Sunset Cove Officially Opens


Sunset Cove is officially open and it’s as nice as the name sounds. Offering a new and growing salt marsh that will serve as an ecological and educational haven, an added protective measure from flooding for Broad Channel, and a can’t beat area to catch the sun setting over the bay, with the city skyline or the Marine Parkway Bridge as a backdrop, Sunset Cove is a welcome new addition that will give those in Broad Channel and across the city, a way to escape the hustle and bustle without leaving the five boroughs.

On Tuesday, August 20, the ribbon was officially cut on Sunset Cove Park, a 12.57-acre site nestled near the southern tip of Broad Channel. This new parkland was once the site of an abandoned and derelict marina that became a dumping ground. The area has a new lease on life that will support all walks of life, from birds to fish, and the people that come to appreciate it all.

The opening of Sunset Cove was a longtime in the making. After taking legal action, the city acquired the land in 2008 and ideas were thrown around about its future. A design was finalized in May 2016. Following the design, the project received bids that were nearly double the available budget, effectively stalling progress. In October 2017, Mayor de Blasio allocated $7 million to match an existing $7 million from a Department of Interior – National Fish and Wildlife Foundation Grant and DEC Mitigation funding, allowing the project to get back on track. Construction began in spring 2018 and was completed in June 2019.

The entire project included the removal of 1,000 cubic yards of debris and nearly 30,000 cubic yards of hazardous and contaminated soil; restoration of 4.5 acres of salt marsh and seven acres of maritime upland; construction of a perimeter berm and walking trail;  installation of 16,000 tons of clean sand; and the planting of 200,000 new plugs to reestablish the salt marsh. On Tuesday, those involved in making the park a reality, such as NYC Parks, the NYSDEC, local elected officials like Senator Joseph Addabbo, Assemblywoman Stacey Pheffer Amato and a representative for Councilman Eric Ulrich, Dan Mundy of the Jamaica Bay Ecowatchers, Don Riepe of the Littoral Society, Alex Zablocki of the Jamaica Bay-Rockaway Parks Conservancy and countless others, were on hand to celebrate with an official ribbon cutting.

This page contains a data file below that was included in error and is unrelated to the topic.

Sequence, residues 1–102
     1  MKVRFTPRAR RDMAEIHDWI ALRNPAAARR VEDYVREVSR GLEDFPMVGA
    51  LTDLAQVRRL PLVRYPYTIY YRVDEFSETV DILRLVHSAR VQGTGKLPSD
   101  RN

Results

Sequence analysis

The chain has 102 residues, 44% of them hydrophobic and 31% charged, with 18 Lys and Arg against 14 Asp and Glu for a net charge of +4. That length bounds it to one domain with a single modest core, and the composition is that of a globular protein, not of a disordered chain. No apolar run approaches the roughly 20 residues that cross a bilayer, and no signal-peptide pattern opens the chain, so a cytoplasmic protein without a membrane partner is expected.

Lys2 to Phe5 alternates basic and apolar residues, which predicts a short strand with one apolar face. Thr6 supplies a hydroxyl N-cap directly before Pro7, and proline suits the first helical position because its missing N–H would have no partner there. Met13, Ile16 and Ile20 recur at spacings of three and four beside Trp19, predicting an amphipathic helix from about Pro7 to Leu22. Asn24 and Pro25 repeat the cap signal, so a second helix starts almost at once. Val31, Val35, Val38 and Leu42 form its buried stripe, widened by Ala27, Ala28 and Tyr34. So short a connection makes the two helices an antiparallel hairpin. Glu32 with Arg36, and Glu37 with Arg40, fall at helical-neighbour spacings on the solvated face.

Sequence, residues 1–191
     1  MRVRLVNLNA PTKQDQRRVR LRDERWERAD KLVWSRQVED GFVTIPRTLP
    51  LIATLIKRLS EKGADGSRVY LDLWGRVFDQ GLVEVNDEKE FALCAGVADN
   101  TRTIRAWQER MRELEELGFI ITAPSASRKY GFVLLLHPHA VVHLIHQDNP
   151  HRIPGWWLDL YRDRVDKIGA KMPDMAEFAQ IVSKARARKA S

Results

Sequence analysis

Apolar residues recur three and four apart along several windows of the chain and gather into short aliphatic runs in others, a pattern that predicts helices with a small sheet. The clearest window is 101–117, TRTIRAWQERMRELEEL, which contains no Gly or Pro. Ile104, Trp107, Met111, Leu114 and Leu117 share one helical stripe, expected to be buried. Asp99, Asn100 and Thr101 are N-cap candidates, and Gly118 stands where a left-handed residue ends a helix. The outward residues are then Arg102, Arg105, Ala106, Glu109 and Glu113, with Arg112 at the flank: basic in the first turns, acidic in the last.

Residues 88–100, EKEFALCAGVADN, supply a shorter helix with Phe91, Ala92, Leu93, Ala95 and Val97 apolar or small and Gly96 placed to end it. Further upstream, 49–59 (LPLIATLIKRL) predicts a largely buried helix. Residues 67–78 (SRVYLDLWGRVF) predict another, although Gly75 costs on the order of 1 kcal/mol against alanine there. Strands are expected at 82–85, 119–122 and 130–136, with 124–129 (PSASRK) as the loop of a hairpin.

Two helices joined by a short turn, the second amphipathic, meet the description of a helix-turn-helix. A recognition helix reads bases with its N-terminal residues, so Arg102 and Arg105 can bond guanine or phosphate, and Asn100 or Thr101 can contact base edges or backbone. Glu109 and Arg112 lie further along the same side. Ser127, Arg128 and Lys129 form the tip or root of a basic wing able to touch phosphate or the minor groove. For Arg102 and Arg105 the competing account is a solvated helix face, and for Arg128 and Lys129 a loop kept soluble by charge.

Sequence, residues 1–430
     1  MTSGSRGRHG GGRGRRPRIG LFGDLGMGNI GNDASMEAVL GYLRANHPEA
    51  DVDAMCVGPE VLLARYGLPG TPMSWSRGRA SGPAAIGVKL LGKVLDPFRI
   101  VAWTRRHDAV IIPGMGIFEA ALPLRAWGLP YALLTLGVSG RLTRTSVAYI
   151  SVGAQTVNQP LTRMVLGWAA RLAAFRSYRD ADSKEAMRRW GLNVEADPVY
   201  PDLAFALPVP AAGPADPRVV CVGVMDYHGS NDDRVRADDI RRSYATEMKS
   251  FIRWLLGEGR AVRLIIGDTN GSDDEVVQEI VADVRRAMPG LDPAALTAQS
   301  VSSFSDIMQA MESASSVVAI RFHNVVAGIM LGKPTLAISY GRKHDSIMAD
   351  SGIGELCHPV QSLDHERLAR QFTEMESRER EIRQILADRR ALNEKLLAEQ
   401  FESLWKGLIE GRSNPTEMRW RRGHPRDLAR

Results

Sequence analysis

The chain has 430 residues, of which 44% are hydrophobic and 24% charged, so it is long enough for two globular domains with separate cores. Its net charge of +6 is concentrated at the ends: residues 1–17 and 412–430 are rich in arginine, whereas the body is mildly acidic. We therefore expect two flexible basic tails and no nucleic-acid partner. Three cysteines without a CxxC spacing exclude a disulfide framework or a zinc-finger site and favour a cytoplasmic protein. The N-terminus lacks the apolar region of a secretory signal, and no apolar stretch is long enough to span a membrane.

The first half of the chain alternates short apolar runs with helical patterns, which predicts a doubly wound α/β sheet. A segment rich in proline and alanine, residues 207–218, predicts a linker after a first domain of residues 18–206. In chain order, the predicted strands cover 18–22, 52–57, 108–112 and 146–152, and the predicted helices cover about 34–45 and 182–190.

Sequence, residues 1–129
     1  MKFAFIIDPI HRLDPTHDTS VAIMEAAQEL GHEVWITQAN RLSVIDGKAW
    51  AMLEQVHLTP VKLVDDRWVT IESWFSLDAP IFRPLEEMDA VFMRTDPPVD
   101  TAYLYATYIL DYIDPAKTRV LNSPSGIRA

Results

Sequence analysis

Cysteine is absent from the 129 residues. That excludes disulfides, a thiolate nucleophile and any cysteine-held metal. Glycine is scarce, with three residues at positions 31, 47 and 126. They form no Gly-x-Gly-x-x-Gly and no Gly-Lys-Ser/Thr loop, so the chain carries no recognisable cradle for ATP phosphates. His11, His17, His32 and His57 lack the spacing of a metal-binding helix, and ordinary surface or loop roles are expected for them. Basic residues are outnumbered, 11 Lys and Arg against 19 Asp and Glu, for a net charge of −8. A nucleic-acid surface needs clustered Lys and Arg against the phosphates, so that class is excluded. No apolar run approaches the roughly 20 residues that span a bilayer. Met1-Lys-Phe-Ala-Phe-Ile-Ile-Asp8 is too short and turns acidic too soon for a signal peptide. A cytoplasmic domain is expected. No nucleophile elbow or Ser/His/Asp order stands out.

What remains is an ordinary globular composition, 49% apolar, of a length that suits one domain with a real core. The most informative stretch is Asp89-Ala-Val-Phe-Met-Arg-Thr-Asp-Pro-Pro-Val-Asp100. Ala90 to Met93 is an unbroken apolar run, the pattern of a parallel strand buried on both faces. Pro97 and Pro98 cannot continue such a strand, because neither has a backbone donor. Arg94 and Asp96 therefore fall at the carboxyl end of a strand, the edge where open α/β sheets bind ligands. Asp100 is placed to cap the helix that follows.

“We’re proud to see the restoration of this property which was formerly a polluted and derelict marina,” NYC Parks Commissioner Mitchell Silver said. “Today, thanks to a lot of hard work, this salt marsh is helping to improve water quality in Jamaica Bay and providing a healthy habitat for wildlife. What’s more, it’s providing additional protection to Broad Channel by reducing wave and wind impacts during any future storms.”

Senator Addabbo called the area “a great escape,” giving all who visit a place to escape the regular hustle and bustle of city life. “In this I see a great escape, and I hope others see that too and come to enjoy it,” he said.

Tuesday’s ribbon-cutting was just a start for what’s to come for Sunset Cove. A second phase of construction for Sunset Cove will build a boardwalk to provide shoreline access over the restored salt marsh, as well as a seasonal dock and oyster garden which will serve as a venue for waterfront educational activities. Construction is planned to begin in 2021.

Mundy, a big advocate for the project, gloated about the first phase completion. “We saw this as an environmental park and when I look at it today, and the work that was done, it far exceeds what we thought we might end up with down here. It’s been a tremendous collaborative effort, Mundy said. “You come down here and it is a way to get away. Probably some of the best sunsets that you’re ever gonna see in your life are down here. In the winter, all the way by the Marine Parkway Bridge and in the summer, all the way over to Manhattan, but it works beyond giving you that respite from life. It works in its functioning capacity as an ecological park.” Mundy also spoke about the education benefits the park will provide for future generations to come.

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